Today we'll look at Williams-Sonoma, Inc. (NYSE:WSM) and reflect on its potential as an investment. Specifically, we'll consider its Return On Capital Employed (ROCE), since that will give us an insight into how efficiently the business can generate profits from the capital it requires.
Firstly, we'll go over how we calculate ROCE. Second, we'll look at its ROCE compared to similar companies. Then we'll determine how its current liabilities are affecting its ROCE.
What is Return On Capital Employed (ROCE)?
ROCE measures the 'return' (pre-tax profit) a company generates from capital employed in its business. All else being equal, a better business will have a higher ROCE. Overall, it is a valuable metric that has its flaws. Author Edwin Whiting says to be careful when comparing the ROCE of different businesses, since 'No two businesses are exactly alike.'
How Do You Calculate Return On Capital Employed?
Analysts use this formula to calculate return on capital employed:
Return on Capital Employed = Earnings Before Interest and Tax (EBIT) ÷ (Total Assets - Current Liabilities)
Or for Williams-Sonoma:
0.17 = US$465m ÷ (US$3.9b - US$1.2b) (Based on the trailing twelve months to August 2019.)
Therefore, Williams-Sonoma has an ROCE of 17%.
Does Williams-Sonoma Have A Good ROCE?
When making comparisons between similar businesses, investors may find ROCE useful. Using our data, we find that Williams-Sonoma's ROCE is meaningfully better than the 10% average in the Specialty Retail industry. We consider this a positive sign, because it suggests it uses capital more efficiently than similar companies. Regardless of where Williams-Sonoma sits next to its industry, its ROCE in absolute terms appears satisfactory, and this company could be worth a closer look.
Williams-Sonoma's current ROCE of 17% is lower than its ROCE in the past, which was 35%, 3 years ago. So investors might consider if it has had issues recently. You can see in the image below how Williams-Sonoma's ROCE compares to its industry. Click to see more on past growth.
It is important to remember that ROCE shows past performance, and is not necessarily predictive. Companies in cyclical industries can be difficult to understand using ROCE, as returns typically look high during boom times, and low during busts. ROCE is only a point-in-time measure. What happens in the future is pretty important for investors, so we have prepared a free report on analyst forecasts for Williams-Sonoma.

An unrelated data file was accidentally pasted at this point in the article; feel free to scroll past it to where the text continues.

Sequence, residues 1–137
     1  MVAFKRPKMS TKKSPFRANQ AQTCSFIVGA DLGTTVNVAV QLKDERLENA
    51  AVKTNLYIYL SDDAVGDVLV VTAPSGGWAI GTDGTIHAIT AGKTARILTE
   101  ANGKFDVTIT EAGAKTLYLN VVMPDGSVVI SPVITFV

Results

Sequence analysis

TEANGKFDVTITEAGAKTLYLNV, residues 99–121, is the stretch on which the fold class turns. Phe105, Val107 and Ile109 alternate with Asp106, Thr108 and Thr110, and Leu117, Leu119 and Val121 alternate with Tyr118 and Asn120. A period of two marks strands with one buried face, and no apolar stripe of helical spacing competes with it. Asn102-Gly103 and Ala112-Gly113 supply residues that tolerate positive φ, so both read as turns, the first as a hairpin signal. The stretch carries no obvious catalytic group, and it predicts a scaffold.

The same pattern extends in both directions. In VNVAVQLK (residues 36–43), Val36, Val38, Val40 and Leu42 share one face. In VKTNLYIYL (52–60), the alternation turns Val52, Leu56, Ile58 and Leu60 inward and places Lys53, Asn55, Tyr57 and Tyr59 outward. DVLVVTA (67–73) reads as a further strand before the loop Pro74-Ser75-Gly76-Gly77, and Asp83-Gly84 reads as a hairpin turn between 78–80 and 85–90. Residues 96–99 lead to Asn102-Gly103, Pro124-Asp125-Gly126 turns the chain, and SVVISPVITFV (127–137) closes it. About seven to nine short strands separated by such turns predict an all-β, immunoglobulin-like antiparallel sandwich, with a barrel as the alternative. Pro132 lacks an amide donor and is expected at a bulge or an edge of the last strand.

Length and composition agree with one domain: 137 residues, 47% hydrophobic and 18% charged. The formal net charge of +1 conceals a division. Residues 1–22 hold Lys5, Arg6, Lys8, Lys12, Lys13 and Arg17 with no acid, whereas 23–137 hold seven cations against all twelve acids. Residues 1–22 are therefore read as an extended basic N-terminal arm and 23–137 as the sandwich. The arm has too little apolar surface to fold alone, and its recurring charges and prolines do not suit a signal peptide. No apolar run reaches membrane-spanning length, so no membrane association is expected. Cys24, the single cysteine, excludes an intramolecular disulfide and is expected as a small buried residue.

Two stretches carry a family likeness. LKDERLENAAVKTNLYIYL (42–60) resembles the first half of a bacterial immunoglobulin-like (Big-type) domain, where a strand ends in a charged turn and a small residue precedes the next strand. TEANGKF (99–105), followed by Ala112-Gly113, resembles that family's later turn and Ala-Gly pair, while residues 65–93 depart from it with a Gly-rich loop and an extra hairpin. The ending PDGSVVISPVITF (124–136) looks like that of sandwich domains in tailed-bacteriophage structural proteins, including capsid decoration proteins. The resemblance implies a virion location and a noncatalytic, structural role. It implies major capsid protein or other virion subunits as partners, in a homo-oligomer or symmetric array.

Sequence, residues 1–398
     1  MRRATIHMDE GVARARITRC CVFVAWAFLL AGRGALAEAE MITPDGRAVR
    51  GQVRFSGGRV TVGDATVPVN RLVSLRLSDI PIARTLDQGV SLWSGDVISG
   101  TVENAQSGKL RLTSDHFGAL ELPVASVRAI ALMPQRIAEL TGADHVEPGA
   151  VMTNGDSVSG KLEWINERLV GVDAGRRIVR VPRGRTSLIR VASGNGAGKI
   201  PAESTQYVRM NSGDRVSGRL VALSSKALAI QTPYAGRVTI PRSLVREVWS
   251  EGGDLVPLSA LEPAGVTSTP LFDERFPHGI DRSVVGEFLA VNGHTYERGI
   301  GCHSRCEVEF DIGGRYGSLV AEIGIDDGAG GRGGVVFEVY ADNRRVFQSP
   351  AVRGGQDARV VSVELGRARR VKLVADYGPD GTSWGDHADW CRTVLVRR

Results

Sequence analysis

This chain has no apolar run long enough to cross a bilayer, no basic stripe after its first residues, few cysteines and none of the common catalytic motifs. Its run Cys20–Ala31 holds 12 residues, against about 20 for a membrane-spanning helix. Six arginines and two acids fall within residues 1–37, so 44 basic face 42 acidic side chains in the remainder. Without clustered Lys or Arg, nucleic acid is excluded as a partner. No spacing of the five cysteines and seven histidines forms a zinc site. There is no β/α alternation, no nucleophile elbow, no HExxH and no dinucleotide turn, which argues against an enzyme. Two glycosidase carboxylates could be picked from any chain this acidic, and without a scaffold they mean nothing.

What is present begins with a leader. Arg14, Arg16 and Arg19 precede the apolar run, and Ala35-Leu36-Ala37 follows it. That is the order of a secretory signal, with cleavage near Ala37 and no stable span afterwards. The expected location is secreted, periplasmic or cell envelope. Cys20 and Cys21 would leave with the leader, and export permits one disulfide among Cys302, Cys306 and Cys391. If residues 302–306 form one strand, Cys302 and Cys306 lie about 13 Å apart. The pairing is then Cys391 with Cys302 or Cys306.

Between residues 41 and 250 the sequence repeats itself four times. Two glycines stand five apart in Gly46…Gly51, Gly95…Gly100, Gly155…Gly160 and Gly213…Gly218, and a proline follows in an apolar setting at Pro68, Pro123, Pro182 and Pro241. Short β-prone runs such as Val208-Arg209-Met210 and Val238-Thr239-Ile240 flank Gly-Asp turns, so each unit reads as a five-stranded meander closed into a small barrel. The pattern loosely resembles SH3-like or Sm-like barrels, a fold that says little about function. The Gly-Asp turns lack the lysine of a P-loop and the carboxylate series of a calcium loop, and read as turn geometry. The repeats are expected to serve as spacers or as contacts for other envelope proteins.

Williams-Sonoma's Current Liabilities And Their Impact On Its ROCE
Current liabilities include invoices, such as supplier payments, short-term debt, or a tax bill, that need to be paid within 12 months. Due to the way the ROCE equation works, having large bills due in the near term can make it look as though a company has less capital employed, and thus a higher ROCE than usual. To counteract this, we check if a company has high current liabilities, relative to its total assets.
Williams-Sonoma has total liabilities of US$1.2b and total assets of US$3.9b. As a result, its current liabilities are equal to approximately 31% of its total assets. With this level of current liabilities, Williams-Sonoma's ROCE is boosted somewhat.
The Bottom Line On Williams-Sonoma's ROCE
While its ROCE looks good, it's worth remembering that the current liabilities are making the business look better. There might be better investments than Williams-Sonoma out there, but you will have to work hard to find them . These promising businesses with rapidly growing earnings might be right up your alley.
I will like Williams-Sonoma better if I see some big insider buys. While we wait, check out this free list of growing companies with considerable, recent, insider buying.
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If you spot an error that warrants correction, please contact the editor at email@example.com. This article by Simply Wall St is general in nature. It does not constitute a recommendation to buy or sell any stock, and does not take account of your objectives, or your financial situation. Simply Wall St has no position in the stocks mentioned. Thank you for reading.